Engineers create protein circuits which respond in seconds
Image credit: Dreamstime
MIT engineers have designed the first synthetic circuit consisting entirely of fast, reversible protein-protein interactions. While previous biological circuits take a long time to respond, this circuit can respond within seconds.
The growing field of synthetic biology allows engineers to create cells which perform novel functions, such as by altering cells to express genes that can be triggered by a specific input. However, a drawback is the long delay between an input (such as detecting a molecule of interest) and the resulting output, due to the time required for cells to transcribe and translate the necessary genes.
Now, synthetic biologists at MIT’s Department of Biological Engineering have developed an alternative approach to designing such circuits, which uses fast, reversible protein-protein interactions. This removes the need to wait while genes are transcribed or translated into proteins, cutting working times to seconds.
“We now have a methodology for designing protein interactions that occur at a very fast timescale, which no-one has been able to develop systematically. We’re getting to the point of being able to engineer any function at timescales of a few seconds or less,” said Deepak Mishra, lead author of the Science study.
Protein-protein interactions are critical steps in many signalling pathways, including those involved in immune cell activation and hormone response. These interactions often involve one protein activating or deactivating another by adding or removing chemical groups called phosphates.
In this study, the researchers used yeast cells to host their circuit and created a network of 14 proteins from a huge range of species, including yeast, bacteria, plants, and humans. The researchers modified the proteins such that they could regulate each other in the network, outputting response to a particular event. The network is a 'toggle switch': a circuit which can quickly and reversibly switch between two stable states, allowing it to maintain a 'memory' of an event; in this case, the presence of sorbitol.
Once sorbitol is detected, the cell stores a memory of the exposure in the form of a fluorescent protein localised in the nucleus. This is passed on to future generations of cells. However, the circuit can be reset when exposed to a different molecule, in this case isopentenyl adenine.
The MIT researchers’ network is the first synthetic circuit to consist entirely of phosphorylation/dephosphorylation protein-protein interactions. Networks of this sort can be programmed to perform a range of other functions in response to an input; they demonstrated their versatility by designing a second circuit that blocks cell division after detecting sorbitol.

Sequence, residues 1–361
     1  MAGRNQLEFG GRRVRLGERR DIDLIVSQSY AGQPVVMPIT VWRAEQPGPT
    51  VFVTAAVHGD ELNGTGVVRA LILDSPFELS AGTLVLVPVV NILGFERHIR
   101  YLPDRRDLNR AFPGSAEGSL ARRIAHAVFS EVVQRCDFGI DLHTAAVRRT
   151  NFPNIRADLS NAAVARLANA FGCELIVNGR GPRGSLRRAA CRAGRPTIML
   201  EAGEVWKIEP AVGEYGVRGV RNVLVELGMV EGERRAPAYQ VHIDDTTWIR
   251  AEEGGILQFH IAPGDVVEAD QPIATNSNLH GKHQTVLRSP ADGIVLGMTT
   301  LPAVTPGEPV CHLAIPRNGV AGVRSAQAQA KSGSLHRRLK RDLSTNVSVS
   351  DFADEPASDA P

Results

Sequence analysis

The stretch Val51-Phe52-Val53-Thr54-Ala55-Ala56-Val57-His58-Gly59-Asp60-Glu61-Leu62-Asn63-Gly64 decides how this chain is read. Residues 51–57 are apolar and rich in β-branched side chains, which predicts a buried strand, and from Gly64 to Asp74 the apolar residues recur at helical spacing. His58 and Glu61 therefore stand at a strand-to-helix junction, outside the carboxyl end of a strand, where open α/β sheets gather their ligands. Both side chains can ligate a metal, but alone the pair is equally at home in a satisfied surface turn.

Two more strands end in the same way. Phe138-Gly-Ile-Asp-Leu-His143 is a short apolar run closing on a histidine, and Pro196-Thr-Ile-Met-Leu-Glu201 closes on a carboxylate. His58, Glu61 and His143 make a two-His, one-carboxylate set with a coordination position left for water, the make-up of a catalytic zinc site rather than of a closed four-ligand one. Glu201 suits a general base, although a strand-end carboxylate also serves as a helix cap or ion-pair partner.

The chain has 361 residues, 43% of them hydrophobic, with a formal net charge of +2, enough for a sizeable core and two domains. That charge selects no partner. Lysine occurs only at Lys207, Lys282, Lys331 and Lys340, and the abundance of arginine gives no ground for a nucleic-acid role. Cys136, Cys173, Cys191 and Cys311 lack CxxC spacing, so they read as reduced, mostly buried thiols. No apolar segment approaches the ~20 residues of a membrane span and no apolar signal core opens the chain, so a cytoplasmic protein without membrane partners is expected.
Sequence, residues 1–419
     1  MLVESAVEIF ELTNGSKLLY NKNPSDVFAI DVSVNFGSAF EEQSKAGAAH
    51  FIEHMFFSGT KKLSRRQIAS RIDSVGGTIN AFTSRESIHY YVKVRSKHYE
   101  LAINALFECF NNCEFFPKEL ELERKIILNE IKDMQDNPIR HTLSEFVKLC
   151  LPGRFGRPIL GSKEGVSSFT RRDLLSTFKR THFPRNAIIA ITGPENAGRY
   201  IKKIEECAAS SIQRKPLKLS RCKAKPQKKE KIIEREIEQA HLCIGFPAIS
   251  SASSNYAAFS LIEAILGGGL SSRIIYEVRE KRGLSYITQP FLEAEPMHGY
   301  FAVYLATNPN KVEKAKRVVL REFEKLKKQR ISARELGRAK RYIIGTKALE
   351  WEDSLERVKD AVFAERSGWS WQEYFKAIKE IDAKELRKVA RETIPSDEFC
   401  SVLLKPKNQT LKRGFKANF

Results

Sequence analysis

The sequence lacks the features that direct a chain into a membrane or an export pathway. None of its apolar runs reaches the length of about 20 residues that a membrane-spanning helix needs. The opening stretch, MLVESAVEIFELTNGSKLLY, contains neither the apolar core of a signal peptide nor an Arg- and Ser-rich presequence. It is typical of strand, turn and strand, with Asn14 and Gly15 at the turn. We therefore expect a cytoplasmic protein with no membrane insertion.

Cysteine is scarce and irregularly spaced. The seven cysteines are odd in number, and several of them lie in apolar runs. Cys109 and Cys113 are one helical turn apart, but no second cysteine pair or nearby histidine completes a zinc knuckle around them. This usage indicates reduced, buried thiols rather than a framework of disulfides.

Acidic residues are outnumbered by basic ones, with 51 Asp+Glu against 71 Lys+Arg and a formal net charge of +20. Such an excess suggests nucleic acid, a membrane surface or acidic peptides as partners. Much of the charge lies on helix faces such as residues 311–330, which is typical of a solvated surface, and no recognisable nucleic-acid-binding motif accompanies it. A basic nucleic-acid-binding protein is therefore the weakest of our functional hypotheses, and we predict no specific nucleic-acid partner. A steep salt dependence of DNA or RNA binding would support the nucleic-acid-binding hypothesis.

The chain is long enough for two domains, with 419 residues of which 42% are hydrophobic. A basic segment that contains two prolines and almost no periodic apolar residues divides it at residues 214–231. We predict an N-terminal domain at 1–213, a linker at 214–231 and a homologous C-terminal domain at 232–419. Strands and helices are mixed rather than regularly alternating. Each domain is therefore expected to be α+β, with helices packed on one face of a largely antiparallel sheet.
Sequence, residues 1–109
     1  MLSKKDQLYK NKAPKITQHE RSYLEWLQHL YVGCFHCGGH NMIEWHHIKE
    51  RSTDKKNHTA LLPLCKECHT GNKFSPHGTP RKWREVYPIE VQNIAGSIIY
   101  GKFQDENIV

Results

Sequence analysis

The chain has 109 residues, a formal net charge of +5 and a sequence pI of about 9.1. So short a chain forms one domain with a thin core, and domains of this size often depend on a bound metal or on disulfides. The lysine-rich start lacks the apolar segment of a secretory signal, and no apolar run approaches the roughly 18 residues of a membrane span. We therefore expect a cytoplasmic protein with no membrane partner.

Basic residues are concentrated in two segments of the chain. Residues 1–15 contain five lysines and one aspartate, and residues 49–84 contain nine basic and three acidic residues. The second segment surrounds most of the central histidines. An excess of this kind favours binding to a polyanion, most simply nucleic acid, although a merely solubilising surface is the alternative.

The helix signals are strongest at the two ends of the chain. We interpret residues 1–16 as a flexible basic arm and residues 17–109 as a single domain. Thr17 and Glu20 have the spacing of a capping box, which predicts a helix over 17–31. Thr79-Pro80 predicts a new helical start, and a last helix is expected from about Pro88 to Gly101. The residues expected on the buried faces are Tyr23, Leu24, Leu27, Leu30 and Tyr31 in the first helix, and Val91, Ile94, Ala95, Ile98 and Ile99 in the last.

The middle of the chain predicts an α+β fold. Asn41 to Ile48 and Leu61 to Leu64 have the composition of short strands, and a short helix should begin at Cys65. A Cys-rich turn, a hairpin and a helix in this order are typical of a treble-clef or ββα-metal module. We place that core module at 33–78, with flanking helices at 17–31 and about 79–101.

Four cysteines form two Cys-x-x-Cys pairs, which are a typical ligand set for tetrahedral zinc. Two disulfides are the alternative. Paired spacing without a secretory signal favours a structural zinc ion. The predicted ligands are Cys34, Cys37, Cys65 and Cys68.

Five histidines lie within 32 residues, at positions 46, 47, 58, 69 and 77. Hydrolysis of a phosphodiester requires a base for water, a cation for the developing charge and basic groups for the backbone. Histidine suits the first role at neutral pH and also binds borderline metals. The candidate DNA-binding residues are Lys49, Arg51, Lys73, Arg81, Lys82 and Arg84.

According to the researchers, large arrays of these cells could be used to create ultrasensitive sensors which respond to tiny traces of the target molecule (as low as parts per billion). The speed of protein-protein interactions means that the signal could appear in as little as a second, compared with hours or even days for conventional synthetic circuits.
“That switch to extremely fast speeds is going to be really important moving forward in synthetic biology and expanding the type of applications that are possible,” said Professor Ron Weiss, an expert in electrical engineering and computer science.
The network designed by Weiss and his colleagues for this study is larger and more complex than previous synthetic circuits. The researchers – interested in seeing whether comparable networks occur naturally – used a computational model to identify six naturally occurring 'toggle networks' in yeast which had never been seen before.
“We wouldn’t think to look for those because they’re not intuitive. They’re not necessarily optimal or elegant, but we did find multiple examples of such toggle switch behaviours,” Weiss continued. “This is a new, engineered-inspired approach to discovering regulatory networks in biological systems.”
Protein-based circuits like these the researchers created could have applications in sensors in the environment and medicine, potentially revealing disease states or – when 'programmed' into human cells – giving warnings of imminent heart attacks or drug overdoses, and respond by releasing a reservoir of chemicals to counteract the event. They hope to use protein-based circuits to create sensors for environmental pollutants.
Sign up to the E&T News e-mail to get great stories like this delivered to your inbox every day.